The courage of Henriette Hanotte

In the dark days of war heroes and heroines often emerge who demonstrate outstanding courage. Recently Henriette Hanotte died at the age of 101. During World War II this brave Belgian lady, known by the code name ‘Monique’, assisted 100 Allied airmen to evade capture by the Germans. She escorted them along the Comet Escape Line through France to the Pyrenees and into Spain. Henriette lived in the Belgian village of Rumes, two kilometres from the French Border, where her family ran a small hotel. She attended school in Bachy, a village just inside France, and crossed the border every day. She knew all the local paths, ditches and countryside and habits of the people.

Soon after the Germans invaded the Low Countries and France on 10 May 1940, two British officers, who had been cut off during the retreat from Belgium, called at the family hotel seeking help to evade capture. Henriette, then a slightly built 19-year-old, guided them to safety. In the years that followed she assisted more than 100 Allied airmen to regain their freedom. The family hotel became a key collecting point for crossing the Franco-Belgian border. Evaders were brought from Brussels, sometimes by Henriette, and stayed at the hotel. When it was the right time to cross the border Henriette took them through the local fields before passing them to the next courier. Sometimes, using buses and trains, she took them to Lille and on to Paris.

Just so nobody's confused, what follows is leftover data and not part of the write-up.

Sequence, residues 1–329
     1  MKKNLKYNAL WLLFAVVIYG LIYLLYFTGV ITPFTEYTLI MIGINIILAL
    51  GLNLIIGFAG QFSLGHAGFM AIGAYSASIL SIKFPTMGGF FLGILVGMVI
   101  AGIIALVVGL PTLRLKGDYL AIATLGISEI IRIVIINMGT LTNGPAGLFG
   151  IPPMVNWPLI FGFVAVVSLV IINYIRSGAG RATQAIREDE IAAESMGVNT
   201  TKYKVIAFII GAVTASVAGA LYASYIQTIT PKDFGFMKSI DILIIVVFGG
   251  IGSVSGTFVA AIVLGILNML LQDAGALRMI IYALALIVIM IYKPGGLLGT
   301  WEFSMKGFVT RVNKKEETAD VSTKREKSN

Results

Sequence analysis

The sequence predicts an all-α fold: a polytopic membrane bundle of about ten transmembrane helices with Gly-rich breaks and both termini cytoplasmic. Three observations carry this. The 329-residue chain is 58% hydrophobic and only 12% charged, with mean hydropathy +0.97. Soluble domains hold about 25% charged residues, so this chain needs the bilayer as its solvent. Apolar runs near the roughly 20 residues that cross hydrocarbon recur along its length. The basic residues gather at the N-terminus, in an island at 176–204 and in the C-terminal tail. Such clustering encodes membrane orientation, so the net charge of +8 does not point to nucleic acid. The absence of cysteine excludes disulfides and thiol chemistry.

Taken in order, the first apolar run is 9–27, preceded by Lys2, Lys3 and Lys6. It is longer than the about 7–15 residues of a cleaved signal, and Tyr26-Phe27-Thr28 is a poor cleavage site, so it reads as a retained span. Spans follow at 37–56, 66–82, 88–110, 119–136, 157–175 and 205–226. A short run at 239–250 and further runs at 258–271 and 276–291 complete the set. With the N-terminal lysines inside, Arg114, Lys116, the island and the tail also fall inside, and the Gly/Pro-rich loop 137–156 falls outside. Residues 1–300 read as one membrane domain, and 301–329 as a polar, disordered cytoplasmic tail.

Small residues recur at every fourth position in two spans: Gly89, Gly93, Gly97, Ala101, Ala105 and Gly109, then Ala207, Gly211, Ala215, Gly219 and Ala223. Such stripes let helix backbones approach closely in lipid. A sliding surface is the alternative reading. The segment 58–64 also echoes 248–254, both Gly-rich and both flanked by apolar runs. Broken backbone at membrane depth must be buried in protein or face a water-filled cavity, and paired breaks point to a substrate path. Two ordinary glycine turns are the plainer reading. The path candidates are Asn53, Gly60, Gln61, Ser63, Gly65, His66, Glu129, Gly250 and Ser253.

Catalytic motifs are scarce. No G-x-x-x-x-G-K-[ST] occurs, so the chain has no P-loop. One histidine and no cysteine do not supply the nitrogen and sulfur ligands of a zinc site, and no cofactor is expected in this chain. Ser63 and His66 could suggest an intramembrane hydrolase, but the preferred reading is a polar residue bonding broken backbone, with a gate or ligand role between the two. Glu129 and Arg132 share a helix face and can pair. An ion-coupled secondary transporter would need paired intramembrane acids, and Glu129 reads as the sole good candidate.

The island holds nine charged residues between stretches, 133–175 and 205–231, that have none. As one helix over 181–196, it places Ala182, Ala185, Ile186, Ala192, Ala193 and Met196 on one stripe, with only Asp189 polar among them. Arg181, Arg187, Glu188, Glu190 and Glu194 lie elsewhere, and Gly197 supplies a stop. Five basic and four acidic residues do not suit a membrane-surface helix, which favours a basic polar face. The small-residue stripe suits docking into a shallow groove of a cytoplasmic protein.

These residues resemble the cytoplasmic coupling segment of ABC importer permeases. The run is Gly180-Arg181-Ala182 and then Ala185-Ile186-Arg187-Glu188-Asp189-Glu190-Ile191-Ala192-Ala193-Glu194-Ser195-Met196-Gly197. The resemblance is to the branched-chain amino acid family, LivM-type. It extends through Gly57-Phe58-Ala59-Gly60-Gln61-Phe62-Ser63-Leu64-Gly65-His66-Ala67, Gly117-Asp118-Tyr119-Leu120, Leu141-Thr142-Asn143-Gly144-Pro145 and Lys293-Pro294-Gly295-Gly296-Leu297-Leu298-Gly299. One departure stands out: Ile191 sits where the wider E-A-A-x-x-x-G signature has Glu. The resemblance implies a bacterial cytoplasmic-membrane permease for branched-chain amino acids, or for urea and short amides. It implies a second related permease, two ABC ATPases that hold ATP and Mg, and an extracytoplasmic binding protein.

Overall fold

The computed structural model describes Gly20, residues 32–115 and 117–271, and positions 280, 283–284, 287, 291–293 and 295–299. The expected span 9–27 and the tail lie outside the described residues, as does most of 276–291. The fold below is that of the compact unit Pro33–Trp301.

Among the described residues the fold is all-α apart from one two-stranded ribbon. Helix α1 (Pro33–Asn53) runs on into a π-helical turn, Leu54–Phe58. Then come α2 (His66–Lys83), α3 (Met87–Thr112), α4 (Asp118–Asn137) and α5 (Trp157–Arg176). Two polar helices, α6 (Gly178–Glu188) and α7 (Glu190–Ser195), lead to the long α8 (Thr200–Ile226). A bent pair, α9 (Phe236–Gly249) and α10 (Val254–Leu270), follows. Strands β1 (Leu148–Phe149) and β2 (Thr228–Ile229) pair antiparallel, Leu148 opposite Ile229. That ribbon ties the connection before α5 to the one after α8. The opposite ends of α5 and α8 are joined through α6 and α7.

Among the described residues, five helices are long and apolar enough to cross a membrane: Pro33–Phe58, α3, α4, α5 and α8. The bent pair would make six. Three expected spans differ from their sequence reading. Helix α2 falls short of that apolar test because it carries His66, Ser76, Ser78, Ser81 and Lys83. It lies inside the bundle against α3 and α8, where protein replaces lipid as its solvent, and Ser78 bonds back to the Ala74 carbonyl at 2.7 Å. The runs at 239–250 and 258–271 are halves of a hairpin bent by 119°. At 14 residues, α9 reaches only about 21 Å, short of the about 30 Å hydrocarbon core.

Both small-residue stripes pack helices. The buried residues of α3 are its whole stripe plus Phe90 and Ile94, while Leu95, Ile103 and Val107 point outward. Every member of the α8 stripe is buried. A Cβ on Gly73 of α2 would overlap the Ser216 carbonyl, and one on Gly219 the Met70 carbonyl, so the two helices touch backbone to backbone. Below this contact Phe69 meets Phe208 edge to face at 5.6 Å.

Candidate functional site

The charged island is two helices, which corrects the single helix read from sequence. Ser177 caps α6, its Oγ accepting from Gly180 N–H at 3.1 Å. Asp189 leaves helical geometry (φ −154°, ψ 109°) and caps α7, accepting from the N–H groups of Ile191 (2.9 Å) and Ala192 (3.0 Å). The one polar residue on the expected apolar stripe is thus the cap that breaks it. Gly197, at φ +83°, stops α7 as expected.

The 6-mile walk to Bachy was not always straightforward. Henriette said, “You had to think on your feet. There were German soldiers all along the border.” On one occasion, she was taking two airmen to Paris by train when a German officer asked to borrow the newspaper they were pretending to read. “I quickly gave him mine instead so they wouldn’t have to speak,” she recalled. “It was a very scary moment.” On one of her visits to Paris members of the Comet Line were betrayed, placing those who were seeking to avoid capture at great risk. Henriette was spotted in Rumes by the Gestapo, and in January 1944, MI9 decided to extract her. She travelled down the Line to Biarritz, crossed the Pyrenees led by a Basque guide, and went on to Madrid and Gibraltar before being flown to England. After the war she returned to Rumes.

Jesus Christ accomplished the greatest rescue in history. He demonstrated great love and courage in coming from heaven to earth to set people free, at great personal cost. One hymn says, “Jesus sought me when a stranger wandering from the fold of God. He to rescue me from danger interposed his precious blood.”